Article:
Imagine the other improvements or inventions made possible though the lessons of nature that are adaptable to our lives!

 

Consumers As Part of the Solution, Not the Problem

If we have not yet heeded the cautionary tales of Silent Spring by Rachel Carson, An Inconvenient Truth, or the most recent This Changes Everything: Capitalism vs. The Climate by Naomi Klein, consider Beth’s advocacy for working with nature rather than against it.

 Beth Rattner stressing the importance of consumer participation in sustainable design.

Beth Rattner stressing the importance of consumer participation in sustainable design.

Such an approach is needed in our state of California. The golden state is experiencing the worst drought in its history leading Governor Brown to recently announce California’s first mandatory water reduction for businesses and residents. It is time to think about how the actions and designs of humans, especially large corporations and well-off communities impact such conditions. This speaks to Beth’s discussion on the growing middle class and its consumption habits.

Beth ultimately believes that consumers are the solution, not the problem. She asks us to take a few minutes everyday to sit in nature and observe. Observe how nature cooperates rather than competes for a healthy, thriving environment. She asks us to consider what might happen if companies and society both mimicked nature in this way.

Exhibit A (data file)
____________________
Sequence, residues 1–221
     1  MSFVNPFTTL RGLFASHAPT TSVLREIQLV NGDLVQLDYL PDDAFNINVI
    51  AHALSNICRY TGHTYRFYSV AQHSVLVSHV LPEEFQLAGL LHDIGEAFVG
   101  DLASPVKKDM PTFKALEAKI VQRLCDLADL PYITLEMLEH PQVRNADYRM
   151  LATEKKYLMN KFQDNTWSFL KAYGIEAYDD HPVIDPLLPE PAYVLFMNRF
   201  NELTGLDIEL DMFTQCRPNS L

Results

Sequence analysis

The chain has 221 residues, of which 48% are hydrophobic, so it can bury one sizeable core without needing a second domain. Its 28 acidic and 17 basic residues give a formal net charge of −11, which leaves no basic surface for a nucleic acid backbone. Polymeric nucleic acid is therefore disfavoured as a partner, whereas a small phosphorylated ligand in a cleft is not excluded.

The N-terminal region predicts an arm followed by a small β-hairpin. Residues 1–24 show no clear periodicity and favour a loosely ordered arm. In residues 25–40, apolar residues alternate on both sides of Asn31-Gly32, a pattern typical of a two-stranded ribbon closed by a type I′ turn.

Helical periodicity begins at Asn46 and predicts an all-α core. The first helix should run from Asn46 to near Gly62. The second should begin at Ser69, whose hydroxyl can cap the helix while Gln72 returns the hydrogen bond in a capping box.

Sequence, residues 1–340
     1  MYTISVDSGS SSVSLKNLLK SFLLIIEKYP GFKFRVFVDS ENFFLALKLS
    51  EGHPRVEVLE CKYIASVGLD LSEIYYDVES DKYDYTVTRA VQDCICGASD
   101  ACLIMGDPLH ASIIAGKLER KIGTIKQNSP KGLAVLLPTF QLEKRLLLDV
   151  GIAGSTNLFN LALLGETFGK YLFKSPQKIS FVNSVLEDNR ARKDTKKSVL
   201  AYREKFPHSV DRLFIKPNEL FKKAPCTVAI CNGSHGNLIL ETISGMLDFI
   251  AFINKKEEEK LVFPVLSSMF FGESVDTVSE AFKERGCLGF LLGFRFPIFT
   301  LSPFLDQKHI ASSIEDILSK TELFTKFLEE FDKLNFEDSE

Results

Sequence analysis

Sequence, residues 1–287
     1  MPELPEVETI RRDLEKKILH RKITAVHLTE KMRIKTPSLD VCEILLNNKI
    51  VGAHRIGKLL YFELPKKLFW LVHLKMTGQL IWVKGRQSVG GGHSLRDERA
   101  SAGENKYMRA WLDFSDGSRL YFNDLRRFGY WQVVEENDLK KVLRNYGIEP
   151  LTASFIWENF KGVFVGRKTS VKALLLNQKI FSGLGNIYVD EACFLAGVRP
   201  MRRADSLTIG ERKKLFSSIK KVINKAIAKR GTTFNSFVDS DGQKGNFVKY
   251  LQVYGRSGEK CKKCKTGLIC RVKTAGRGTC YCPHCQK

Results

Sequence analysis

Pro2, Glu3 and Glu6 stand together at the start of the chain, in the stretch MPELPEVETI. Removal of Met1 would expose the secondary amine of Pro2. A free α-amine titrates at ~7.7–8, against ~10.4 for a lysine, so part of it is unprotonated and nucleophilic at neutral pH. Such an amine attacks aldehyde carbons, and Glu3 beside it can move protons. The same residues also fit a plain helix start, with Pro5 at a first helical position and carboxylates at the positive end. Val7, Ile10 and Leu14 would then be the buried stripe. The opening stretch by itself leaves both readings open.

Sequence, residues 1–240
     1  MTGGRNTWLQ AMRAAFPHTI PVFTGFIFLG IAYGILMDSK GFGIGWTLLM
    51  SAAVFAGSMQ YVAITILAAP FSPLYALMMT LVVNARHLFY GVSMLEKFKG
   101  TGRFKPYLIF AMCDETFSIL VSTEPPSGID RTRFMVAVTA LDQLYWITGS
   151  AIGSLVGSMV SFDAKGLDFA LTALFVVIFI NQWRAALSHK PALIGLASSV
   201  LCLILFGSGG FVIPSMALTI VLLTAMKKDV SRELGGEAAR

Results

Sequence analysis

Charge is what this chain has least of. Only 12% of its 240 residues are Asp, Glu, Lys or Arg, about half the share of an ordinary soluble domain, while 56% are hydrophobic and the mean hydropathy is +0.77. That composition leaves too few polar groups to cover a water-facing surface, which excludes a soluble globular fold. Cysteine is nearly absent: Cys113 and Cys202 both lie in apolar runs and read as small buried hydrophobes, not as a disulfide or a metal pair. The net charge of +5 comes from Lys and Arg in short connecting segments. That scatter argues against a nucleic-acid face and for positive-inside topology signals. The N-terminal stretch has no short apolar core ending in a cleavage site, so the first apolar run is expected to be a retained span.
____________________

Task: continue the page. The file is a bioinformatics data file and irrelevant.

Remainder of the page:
What if companies cooperated rather than competed; what would our environment – our cities look like? Would this contribute to the health of the planet rather than the bottom line of a given company or the well being of one community over the other?

Such considerations will transform our designs, economic systems and approach to life. Don’t be afraid to let nature in — think outside the ‘big box retailer,’ and think inside the eco-sphere.

 

There are more AMAZING speakers to come at the upcoming TEDxSacramento conferenceTHIS Changes EVERYTHING” on June 12, 2015 at the Sacramento Community Center Theater. REGISTER NOW before tickets sell out!